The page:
Letter: DEP Carrying Capacity
The Florida Department of Environmental Protection under the Division of Recreation and Parks has the responsibility of planning the use and management of Florida's public lands and water areas. Governments are tasked with development and management strategies and plans for the quality of recreation experiences and protection of the natural areas which are directly affected by the implementation of the land use plans.
As we write our state legislators regarding the current hot topic of the "garage” on Anna Maria Island, perhaps we should encourage a study using the DEP Carrying Capacity Guidelines.
Carrying capacity is the maximum population that can be sustained by a specific environment. Carrying capacity computations are vital to the planning of new use sites, alterations of existing use sites, and continuous management of all areas of the system. To prevent overcrowding and resource deterioration, the collection of data is fundamental to assessment.
Carrying capacity for a given site governs the number of parking spaces, the size of restrooms, and all quantities of support facilities to be provided. Surveys on tourists' perspectives have shown that, in addition to beach cleanliness, safety, information availability, and habitat management, overcrowding is considered a very significant criterion by potential visitors.
These are the broad capacities:
- Economic: maximum number of tourists that an area can support
- Biophysical: damage to the natural environment exceeds the habitat's ability to regenerate
- Social: reduced visitor enjoyment and increased crime/indicators of when the social carrying capacity has been exceeded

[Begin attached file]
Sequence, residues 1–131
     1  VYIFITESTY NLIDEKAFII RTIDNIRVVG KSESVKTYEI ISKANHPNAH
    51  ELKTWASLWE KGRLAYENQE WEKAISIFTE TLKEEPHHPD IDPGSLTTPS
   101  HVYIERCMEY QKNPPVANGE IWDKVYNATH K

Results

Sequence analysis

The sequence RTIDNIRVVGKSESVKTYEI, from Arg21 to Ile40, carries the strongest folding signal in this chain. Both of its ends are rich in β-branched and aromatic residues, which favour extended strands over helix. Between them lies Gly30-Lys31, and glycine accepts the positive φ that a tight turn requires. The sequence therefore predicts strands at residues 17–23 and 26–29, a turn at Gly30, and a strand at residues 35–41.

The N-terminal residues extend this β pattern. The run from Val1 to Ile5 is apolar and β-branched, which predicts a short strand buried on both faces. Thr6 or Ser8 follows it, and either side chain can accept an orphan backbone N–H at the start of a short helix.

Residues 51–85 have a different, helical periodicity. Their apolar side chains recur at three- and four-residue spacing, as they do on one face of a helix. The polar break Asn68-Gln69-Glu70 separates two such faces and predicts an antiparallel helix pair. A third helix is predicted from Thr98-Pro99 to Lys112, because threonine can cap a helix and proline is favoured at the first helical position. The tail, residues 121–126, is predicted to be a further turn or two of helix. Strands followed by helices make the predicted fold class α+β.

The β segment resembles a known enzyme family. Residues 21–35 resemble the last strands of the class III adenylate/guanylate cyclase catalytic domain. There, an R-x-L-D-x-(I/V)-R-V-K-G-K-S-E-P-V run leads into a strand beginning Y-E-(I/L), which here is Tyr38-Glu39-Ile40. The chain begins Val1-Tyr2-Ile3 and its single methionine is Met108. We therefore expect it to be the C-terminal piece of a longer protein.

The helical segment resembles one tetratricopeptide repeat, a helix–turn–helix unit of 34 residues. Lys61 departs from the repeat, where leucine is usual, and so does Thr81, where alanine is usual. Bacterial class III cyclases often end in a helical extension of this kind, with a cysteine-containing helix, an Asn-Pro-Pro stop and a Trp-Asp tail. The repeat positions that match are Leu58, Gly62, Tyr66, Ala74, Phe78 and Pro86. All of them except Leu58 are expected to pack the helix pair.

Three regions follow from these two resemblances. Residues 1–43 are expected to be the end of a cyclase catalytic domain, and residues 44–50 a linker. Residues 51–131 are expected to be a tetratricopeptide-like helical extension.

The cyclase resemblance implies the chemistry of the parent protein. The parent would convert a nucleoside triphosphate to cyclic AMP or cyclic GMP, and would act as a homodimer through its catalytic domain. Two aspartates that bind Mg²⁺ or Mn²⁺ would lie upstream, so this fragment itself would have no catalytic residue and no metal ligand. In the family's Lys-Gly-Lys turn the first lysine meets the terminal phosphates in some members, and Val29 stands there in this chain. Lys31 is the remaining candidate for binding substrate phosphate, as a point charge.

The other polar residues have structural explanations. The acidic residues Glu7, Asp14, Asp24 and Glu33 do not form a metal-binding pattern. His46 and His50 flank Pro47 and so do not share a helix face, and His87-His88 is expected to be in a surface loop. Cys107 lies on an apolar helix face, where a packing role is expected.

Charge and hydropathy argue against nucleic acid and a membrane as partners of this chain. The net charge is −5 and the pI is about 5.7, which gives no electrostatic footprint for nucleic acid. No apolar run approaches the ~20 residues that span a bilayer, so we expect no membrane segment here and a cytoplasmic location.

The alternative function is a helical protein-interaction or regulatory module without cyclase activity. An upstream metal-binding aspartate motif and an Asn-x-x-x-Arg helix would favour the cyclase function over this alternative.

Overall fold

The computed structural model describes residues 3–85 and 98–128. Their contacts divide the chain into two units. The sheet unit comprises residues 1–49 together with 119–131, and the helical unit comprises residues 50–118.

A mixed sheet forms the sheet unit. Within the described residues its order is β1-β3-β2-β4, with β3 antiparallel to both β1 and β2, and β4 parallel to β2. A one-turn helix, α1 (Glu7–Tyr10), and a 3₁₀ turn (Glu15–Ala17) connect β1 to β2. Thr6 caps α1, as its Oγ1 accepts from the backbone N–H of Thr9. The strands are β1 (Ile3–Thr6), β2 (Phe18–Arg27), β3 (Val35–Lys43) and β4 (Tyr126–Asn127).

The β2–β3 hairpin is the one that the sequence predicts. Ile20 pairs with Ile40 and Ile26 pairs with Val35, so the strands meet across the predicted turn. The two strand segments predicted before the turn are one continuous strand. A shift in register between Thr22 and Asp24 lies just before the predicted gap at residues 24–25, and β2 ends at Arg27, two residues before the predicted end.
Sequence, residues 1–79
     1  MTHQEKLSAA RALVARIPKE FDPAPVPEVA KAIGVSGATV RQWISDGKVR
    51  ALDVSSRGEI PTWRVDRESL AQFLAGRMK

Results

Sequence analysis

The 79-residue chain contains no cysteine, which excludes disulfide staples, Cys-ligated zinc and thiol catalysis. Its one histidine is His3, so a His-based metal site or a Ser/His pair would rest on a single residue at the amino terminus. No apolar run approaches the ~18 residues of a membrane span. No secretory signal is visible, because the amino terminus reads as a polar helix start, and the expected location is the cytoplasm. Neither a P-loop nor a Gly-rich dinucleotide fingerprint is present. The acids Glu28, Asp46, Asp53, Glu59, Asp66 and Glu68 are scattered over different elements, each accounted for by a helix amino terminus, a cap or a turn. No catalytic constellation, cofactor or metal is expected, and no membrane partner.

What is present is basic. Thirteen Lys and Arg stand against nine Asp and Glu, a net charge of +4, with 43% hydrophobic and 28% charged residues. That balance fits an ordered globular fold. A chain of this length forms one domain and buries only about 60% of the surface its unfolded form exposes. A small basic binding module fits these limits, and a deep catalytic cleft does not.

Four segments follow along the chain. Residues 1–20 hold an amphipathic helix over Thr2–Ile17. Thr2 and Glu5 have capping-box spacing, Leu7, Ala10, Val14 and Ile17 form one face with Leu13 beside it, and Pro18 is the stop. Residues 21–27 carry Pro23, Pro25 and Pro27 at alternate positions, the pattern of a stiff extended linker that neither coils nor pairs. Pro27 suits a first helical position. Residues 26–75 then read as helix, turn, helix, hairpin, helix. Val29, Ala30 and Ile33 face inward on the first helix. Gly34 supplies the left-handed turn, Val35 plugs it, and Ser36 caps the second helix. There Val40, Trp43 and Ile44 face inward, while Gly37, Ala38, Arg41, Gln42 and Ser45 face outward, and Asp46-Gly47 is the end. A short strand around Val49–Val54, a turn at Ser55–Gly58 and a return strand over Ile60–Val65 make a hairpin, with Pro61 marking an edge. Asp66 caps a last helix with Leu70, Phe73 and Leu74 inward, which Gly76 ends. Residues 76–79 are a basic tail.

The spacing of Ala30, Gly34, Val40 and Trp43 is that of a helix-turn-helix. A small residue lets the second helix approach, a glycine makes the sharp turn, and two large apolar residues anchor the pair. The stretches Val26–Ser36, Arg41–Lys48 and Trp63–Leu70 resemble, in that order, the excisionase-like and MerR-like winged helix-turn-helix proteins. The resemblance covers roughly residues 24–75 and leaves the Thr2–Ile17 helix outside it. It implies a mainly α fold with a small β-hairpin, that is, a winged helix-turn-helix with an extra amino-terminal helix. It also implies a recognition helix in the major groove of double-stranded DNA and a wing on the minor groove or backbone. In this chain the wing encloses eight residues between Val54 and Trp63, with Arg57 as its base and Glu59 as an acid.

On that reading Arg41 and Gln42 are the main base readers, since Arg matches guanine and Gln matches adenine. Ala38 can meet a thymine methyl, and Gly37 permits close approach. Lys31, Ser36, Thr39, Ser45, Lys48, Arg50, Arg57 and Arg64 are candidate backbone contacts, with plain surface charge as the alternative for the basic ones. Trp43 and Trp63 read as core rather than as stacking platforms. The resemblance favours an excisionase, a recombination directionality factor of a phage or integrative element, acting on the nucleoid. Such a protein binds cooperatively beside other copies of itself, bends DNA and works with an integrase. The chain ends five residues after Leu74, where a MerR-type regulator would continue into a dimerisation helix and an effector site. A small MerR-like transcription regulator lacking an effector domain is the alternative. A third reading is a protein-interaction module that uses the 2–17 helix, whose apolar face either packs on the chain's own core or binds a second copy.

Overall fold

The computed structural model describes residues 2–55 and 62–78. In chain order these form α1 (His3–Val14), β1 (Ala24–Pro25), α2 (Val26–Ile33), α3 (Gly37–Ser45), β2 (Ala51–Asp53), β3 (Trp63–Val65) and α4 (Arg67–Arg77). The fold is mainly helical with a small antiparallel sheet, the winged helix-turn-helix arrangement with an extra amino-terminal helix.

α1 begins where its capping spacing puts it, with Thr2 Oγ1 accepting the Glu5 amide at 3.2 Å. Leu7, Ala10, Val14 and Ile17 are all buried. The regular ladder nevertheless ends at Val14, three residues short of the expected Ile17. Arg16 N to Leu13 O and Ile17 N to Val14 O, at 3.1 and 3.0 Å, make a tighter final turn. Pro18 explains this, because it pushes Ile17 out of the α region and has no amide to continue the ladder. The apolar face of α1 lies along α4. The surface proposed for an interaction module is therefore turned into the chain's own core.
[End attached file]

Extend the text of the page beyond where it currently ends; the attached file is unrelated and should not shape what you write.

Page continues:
- Environmental: ecological and physical parameters, the capacity of resources, ecosystems, and infrastructure
Doug Lansky, an international tourism advisor, has a great YouTube video on tourism, "a new model for success in tourism that emphasizes sustainable growth, protecting local assets, and enhancing life for the locals while maximizing the local economic impact.”
In a required Economic Impact Statement submitted by Elliott Facione, Executive Director of Manatee County Tourism Development, there is a $45 million parking garage for 1500 spaces. That is $30 thousand per parking space and does not include the suggested $400 thousand in annual maintenance.
The area of Anna Maria Island is less than half of a percent of the total area of Manatee County. The garage is not a panacea for a county with a population of over 400,000, and a small city currently showing 32,000 vehicles daily on their LPRs (License Plate Readers) on a non-holiday.
Other Florida jurisdictions have conducted these carrying capacity studies and planned accordingly. Please encourage legislators to use smart and sensible studies and planning strategies for the benefit of residents, visitors, businesses, and the environment.
Anna Maria Island
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Reader CommentsMisty Servia
MAR 15, 2023 • A very good letter and logical approach. Manatee County did a carrying capacity study on our roadways about 20 years ago.